Our direction now, more than ever, is to continue expanding our own line. We are never in the business of selling the same products as everyone else.
When we first started, we had 20% of our own stuff. Now, it’s 30 – 40 %.
5. That’s really great. Where do you create your own products?
Our office is at Maxwell House. It is about half the size of our retail shop. It has many machines mostly for me to make prototypes before I pass them off to the professionals, whom I personally train, to produce them.
6. What are your best-selling products?
Bev: Beds are our best sellers. The cushion covers are made of fabrics that are made in Japan, United Kingdom, and U.S, and sewn here in Singapore.
We never hesitate to open the bed and show our customers, because it is all good stuff.
Another one of our best sellers is the cooling blanket. Everybody loves it. No matter how long you put your hand inside, it remains cool. We have many dog owners tell us that their dogs will lie on top of it after a walk on a hot day. It comes in two different sizes and is machine washable.
7. How about your favourite item in the store?
Bev: I can’t pinpoint one because every single handmade item was a challenge and I really love challenges.
But if I can broadly choose, I will say our furniture makes me extra proud because they are all made and stained by hand.
We had to study different types of wood before deciding on what to use. Different woods react differently and due to Singapore’s weather, there are certain types of wood that we just couldn’t use.
Especially for feeders, we have to use wood that will not pop from prolonged contact with water.
You can’t find this level of workmanship anywhere else. Whoever gets it will certainly appreciate it.
8. Where do you get your inspiration for your creations from? Was there another store that inspired you in New York?
Bev: We don’t have a particular shop we are inspired by. The thing is that pet stores in New York generally don’t last that long.
But we do go back every six months to check out what is new. That’s definitely where our inspiration comes from. We will look out for great brands and if we are able to get them wholesale, we will try to bring them here.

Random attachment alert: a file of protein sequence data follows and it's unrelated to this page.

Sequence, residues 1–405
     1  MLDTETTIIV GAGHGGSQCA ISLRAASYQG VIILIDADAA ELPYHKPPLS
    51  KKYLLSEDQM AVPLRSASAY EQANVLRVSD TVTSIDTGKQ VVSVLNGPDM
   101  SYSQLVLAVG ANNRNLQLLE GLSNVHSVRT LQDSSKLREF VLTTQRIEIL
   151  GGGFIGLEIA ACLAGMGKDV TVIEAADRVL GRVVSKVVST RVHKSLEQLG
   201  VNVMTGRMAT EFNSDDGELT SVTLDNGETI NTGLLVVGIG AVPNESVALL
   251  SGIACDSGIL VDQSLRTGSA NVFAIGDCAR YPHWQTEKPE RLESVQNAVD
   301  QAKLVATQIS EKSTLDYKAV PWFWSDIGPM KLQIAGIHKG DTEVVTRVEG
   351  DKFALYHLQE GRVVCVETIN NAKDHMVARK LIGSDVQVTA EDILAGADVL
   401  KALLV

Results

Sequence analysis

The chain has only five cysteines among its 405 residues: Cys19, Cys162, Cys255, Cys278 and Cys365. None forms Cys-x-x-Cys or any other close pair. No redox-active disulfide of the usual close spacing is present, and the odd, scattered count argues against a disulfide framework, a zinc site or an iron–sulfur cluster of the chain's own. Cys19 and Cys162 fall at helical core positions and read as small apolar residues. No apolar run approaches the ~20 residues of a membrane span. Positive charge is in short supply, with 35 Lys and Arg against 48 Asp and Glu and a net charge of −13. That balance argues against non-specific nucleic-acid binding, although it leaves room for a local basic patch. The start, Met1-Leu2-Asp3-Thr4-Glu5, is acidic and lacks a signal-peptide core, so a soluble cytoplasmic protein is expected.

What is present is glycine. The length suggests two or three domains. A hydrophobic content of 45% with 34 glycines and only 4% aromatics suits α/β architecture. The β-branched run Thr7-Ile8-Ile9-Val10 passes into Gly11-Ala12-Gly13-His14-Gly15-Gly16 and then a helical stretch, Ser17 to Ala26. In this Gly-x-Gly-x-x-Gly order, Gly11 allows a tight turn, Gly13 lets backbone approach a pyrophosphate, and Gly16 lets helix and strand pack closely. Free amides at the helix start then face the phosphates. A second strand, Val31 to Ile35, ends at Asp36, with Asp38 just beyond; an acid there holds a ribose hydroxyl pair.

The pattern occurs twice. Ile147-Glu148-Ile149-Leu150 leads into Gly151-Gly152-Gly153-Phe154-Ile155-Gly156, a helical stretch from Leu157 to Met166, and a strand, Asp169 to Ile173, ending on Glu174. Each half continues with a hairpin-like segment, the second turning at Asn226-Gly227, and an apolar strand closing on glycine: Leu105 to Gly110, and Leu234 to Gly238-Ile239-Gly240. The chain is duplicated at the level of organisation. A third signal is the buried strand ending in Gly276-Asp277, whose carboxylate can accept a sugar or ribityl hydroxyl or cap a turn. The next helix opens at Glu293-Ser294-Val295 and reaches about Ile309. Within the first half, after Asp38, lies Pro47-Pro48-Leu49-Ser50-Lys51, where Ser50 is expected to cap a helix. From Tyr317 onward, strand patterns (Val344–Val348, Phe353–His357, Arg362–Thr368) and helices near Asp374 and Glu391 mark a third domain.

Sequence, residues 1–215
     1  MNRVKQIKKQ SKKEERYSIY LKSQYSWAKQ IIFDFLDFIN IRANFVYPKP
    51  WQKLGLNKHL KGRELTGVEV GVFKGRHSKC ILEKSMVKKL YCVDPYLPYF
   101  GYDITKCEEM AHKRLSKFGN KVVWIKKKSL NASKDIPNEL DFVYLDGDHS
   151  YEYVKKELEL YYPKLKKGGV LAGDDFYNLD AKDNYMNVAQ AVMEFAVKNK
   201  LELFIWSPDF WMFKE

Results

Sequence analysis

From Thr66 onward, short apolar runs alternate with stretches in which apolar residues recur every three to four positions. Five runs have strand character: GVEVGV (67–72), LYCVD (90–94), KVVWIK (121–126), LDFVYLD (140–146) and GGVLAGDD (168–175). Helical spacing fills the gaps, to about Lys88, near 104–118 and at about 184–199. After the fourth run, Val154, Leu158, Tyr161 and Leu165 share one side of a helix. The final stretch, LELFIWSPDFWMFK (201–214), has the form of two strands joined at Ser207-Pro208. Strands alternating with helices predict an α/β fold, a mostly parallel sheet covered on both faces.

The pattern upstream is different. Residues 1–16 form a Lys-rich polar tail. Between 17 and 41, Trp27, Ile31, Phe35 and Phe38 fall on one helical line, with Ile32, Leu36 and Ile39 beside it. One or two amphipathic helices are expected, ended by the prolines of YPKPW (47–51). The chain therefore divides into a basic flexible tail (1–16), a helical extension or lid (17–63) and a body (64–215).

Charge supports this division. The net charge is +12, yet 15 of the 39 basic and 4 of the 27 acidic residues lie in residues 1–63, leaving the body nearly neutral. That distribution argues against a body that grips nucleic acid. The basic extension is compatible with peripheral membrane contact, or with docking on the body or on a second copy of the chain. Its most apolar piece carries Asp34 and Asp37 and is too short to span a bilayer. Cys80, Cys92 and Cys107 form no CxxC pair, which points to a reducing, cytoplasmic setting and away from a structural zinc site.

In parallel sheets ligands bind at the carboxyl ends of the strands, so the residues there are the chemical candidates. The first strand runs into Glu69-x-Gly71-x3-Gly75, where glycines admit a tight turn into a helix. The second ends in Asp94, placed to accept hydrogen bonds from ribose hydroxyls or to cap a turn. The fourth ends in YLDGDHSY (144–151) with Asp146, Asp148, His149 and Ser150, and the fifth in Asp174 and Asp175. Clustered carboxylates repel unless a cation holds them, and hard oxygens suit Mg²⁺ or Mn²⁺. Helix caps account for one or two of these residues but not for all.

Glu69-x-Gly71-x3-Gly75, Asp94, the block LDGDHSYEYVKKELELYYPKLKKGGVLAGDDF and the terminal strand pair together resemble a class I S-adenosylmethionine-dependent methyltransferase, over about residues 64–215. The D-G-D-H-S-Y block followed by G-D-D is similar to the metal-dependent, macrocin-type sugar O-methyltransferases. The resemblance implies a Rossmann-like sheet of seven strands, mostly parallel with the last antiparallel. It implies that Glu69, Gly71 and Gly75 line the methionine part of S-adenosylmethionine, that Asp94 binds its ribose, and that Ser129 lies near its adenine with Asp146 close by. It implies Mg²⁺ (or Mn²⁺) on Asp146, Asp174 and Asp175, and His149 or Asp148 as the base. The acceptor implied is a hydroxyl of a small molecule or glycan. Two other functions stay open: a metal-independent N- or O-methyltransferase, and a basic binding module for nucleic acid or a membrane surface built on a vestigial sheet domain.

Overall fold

9. What are some challenges of managing a physical pet store?
Louis: It’s hard for a regular Joe to do it. For one, it involves a whole retail supply chain, from having the creativity tools to managing production.
Bev: We are still a one-man shop because it is difficult to hire staff who’s passionate about pets and won’t get bored manning the shop alone. That’s the challenge we keep facing.
I was so nervous when we couldn’t find anybody to mend the shop, I haven’t done sales before but what could I do! Luckily, I’m naturally chatty so that helps me.
10. What motivates you to keep running this business?
Bev: It makes me really happy to see people coming back to buy the same product because they want to either give it to their other dog or their friends. I genuinely love this shop and I really love making prototypes for Woofer&Purrlensky. I can imagine whether the item suits the common breeds in Singapore and whether it goes with the Singaporean style without losing our own style.
The tourists are also really cute, they will email me the pictures of their pets wearing our products. It’s really heartwarming to know that they are thinking of us. It gives me an accomplished feeling.
11. Speaking of your customers, who are they?
Bev: My customer base is made up of expatriate customers, locals, and some tourists.
80% of our retail store sales are contributed by customers from landed properties in Singapore, including high net worth individuals and expats.